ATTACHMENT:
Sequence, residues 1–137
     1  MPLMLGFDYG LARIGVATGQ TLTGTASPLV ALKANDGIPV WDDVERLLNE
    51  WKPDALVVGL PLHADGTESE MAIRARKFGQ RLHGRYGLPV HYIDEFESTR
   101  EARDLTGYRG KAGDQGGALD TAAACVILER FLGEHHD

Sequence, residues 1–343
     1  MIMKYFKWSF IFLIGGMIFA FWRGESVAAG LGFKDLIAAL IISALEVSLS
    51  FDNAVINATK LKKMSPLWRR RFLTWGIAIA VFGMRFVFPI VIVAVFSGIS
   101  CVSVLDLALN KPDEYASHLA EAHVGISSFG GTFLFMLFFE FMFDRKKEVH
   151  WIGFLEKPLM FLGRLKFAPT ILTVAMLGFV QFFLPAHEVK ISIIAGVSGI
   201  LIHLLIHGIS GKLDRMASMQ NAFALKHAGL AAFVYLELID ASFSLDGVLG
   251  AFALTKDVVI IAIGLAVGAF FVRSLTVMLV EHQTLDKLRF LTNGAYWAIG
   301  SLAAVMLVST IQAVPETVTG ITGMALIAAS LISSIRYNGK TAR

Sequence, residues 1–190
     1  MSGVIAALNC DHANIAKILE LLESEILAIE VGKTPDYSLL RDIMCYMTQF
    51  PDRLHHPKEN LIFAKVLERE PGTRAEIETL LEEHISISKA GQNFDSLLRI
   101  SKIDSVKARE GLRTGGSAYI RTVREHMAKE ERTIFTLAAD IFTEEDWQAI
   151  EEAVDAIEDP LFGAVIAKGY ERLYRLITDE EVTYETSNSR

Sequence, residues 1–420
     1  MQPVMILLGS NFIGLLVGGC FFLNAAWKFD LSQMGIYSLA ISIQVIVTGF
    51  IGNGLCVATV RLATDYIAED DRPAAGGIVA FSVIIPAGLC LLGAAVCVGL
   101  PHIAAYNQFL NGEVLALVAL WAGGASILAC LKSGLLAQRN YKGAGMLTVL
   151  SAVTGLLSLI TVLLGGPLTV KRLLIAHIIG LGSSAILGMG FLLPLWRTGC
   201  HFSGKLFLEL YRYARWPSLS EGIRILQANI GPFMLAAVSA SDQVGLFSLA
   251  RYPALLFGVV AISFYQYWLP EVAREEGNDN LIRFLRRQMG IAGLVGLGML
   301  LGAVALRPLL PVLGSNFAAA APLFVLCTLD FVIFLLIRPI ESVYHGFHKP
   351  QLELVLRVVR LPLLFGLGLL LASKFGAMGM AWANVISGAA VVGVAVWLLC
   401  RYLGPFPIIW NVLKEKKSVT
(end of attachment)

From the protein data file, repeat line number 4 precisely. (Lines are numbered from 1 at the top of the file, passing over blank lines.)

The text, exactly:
   101  EARDLTGYRG KAGDQGGALD TAAACVILER FLGEHHD